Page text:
Tuesday, June 26, 2012

More Imagining

So now I'm prepared not to like the rest of the book. I found something I didn't agree with. BUT you know, I kept reading and I'm liking it again!

I like all the stories he tells about the different companies and what they do to stay creative.

He talks about how brainstorming isn't really effective, because of the most important principle – the absence of criticism. You know, so everyone can contribute without feeling judges. The problem with that is that you have a group of people all shouting out every idea they can think of with no one ever saying things like, that might not work, or challenging or debating it in some way. 

He talks about how the only way to 'maximize group creativity...is to encourage a candid discussion of mistakes (159.)" I don't think you need to be mean, but you should be able to have a discussion about what's good and what's bad. "...when everybody is 'right' –when all new ideas are equally useful, as in a brainstorming session – we stay within ourselves. There is no incentive to think about someone else's thoughts or embrace unfamiliar possibilities. And so the problem remains impossible. The absence of criticism has kept us all in the same place (161.)"

I know from my very own experience, when someone has told me that they didn't like something I made or thought I could have done it differently... I don't always like what they said in the moment. But I spend the rest of the day, in the back of my mind, thinking about it and trying to figure out how to do it better. So instead of them trying to be nice and saying that they like something when they don't, doesn't really help me. I want to do better and a lot of the time you have to be able to step out of yourself to see how that can be done. Sometimes being uncomfortable helps you to grow.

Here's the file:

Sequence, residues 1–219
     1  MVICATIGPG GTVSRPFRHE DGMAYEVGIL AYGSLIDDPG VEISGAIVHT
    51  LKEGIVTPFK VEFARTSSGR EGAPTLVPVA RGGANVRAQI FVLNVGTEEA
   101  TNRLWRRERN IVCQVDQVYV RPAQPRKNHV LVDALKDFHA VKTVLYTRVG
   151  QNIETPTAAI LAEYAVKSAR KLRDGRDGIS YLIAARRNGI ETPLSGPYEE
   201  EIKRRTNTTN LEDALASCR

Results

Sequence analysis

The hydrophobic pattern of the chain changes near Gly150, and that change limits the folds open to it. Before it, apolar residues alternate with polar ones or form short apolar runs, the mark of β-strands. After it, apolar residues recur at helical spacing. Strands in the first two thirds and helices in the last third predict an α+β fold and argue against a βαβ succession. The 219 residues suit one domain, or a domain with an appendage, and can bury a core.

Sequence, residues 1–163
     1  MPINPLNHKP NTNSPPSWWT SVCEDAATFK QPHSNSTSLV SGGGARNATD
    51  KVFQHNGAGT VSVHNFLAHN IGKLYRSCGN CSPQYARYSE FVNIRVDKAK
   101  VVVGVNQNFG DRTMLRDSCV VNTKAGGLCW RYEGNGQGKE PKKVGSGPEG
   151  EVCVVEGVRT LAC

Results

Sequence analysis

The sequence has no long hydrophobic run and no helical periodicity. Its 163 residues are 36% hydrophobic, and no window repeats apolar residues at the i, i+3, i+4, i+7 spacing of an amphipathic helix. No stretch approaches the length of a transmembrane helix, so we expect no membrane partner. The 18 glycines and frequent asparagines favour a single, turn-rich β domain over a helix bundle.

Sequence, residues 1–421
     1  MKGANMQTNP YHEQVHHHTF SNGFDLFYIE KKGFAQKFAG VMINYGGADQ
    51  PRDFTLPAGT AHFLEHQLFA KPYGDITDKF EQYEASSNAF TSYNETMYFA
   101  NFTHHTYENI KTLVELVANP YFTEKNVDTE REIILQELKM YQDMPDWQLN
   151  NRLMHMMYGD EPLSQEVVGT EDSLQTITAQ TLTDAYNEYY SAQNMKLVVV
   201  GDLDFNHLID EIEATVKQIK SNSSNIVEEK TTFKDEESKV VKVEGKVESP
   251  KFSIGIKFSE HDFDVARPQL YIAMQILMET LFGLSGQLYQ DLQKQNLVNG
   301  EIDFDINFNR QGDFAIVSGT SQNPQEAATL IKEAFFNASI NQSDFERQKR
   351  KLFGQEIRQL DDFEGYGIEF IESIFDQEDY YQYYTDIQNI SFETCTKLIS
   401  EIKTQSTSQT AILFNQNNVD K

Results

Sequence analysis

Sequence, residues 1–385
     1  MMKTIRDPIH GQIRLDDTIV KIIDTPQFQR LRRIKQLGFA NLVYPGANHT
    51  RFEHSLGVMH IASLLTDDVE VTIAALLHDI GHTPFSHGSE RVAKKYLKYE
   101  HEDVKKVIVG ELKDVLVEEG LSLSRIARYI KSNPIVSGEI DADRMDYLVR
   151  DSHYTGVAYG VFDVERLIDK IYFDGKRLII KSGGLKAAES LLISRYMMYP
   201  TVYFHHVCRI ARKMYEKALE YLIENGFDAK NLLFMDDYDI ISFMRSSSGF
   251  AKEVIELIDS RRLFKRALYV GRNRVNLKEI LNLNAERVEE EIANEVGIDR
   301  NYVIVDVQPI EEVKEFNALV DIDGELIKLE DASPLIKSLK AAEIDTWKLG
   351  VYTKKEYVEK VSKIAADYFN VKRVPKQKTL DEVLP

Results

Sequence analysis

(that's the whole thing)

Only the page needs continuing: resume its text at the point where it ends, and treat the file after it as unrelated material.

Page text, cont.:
Sunday, June 17, 2012

Imagine Chapter 3 – The Unconcealing

He starts to lose me a little bit in Chapter 3. I like the part where he reminds you that creativity is a verb. It's good to have that insight, but to turn that idea into something real takes a lot of sweat, boredom, failure, and a lot of work. I experience this almost every time I got to work in my shop. I start working, then I think of about 20 other 'really important' things I need to do... get the mail, pull some weeds, load the dishwasher, wash some clothes,... the list is endless and they do need to be done, but in this instance I am just using them as a distraction. I have the idea, but I don't really want to cut out all of these boring shapes int he hopes that I can construct them into something beautiful. BUT if I ignore the thoughts in my head and work through them, I get caught up in what I'm doing and start enjoying the process.

The part of Chapter 3 that I didn't like, didn't agree with... was the part where he investigates the link between negative moods and creativity. It comes down to the suffering artist syndrome. How really great artists are depressed and bi-polar. He shows studies that reflect that thinking. Well, I think that you can take any profession and find a good percentage of people that are bi-polar or depressed, not just artists. I've just heard this all my life about all these famous artists being so intensely disturbed. But I'm thinking that maybe all great artists are disturbed because the art critics and media that made them famous are the ones who are disturbed! 

So leave me a comment, do you think you have to be depressed or bi-polar or disturbed in order to make great art?

Thursday, June 14, 2012

More To Imagine

So I'm on Chapter 2 Alpha Waves (Condition Blue) pages 25-43. This is only the first half of chapter 2, remember I'm taking this slowly!